Local artists join forces to launch the Three Peaks Art Trail
- Credit: not Archant
A new art trail aims to change perceptions of an area best known by walkers and cyclists, writes Justine Brooks
It’s an area best known for its challenging walking trails – Yorkshire’s Three Peaks takes in the summits of Pen-y-ghent, Whernside and Ingleborough – but a group of artists have come together to attract visitors with a different, less physically challenging, type of scenery.
This month, the first ever Three Peaks Art Trail will be launched, with over 20 artists taking part. It’s part of a growing number of open studio events that now take place all over Yorkshire and across the UK, providing artists with the opportunity to meet art collectors and enthusiasts and for those enthusiasts to get a good look at what artists really get up to in their studios.
The launch of Three Peaks Art Trail follows the decision of organisers to cancel North Yorkshire Open Studios this year because of cuts in local authority funding. Undaunted, the artists of Ingleton, Ribblehead, Horton-in-Ribblesdale and Settle have formed an organisation called Three Peaks Arts and are opening their studios to the public from June 30th to July 8th. They’ve received funding from local councils, the railways and a fine art materials supplier.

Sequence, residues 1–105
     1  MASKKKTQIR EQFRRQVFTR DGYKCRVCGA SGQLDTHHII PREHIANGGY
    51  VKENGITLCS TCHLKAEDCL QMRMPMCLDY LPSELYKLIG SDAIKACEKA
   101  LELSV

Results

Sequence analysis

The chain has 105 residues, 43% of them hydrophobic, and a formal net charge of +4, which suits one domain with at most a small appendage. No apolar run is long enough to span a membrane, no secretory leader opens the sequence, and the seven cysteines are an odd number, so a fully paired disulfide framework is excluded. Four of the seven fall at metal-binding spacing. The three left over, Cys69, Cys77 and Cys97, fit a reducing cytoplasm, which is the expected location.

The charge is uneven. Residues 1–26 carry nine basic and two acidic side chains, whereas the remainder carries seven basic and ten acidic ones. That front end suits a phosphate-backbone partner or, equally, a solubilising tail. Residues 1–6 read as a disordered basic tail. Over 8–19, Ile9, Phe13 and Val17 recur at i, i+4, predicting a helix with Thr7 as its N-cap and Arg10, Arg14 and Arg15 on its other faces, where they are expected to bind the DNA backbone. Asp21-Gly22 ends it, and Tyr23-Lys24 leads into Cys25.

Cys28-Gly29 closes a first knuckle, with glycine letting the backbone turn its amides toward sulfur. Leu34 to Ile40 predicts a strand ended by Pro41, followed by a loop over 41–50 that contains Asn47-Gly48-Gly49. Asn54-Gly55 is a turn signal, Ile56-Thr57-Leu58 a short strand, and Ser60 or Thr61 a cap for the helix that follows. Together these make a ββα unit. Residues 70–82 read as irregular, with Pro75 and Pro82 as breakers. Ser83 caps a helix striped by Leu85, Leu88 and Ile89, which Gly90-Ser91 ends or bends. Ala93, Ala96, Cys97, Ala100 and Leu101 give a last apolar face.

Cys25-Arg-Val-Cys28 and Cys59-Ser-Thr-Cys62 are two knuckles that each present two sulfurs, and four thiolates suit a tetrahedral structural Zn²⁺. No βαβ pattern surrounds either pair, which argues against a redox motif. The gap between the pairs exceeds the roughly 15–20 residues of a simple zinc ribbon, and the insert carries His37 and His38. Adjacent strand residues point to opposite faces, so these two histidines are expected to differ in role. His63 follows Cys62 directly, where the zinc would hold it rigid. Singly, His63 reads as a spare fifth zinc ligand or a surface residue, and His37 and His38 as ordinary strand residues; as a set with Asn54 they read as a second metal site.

‘There are so many visual artists in this area, and we wanted to recognise them more fully,’ says Gemma Reid, an artist and gallerist in the Yorkshire Dales market town of Settle, whose work will feature during Three Peaks Art Trail.
The trail also provides a new lease of life for the village of Horton’s primary school, which closed its doors to children in July 2017 because of falling pupil numbers. The school will provide a pop-up hub for the Three Peaks Art Trail, with a range of (reasonably priced) printmaking and ceramics workshops as well as an exhibition containing work by all the participating artists on the trail.
The trail also features highlights such as the opening to the public of painter Norman Adams RA’s studio. Adams, who died in 2005, was professor of painting at the Royal Academy Schools and Keeper of the Royal Academy. Adams and his wife, the poet Anna Adams moved to their home in Horton near Settle in 1957, and it is said that although a Londoner by birth, this corner of Yorkshire was his spiritual home. Norman and Anna’s son Ben will read his mother’s poetry in the studio during the week.
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Renowned printmaker Hester Cox, who is also taking part in the trail, says: ‘It’s a real community event and allows artists in the area to engage with visitors as well as the local agricultural community.’
The Three Peaks Art Trail takes place from June 30th-July 8th. For more information go to threepeaksarts.co.uk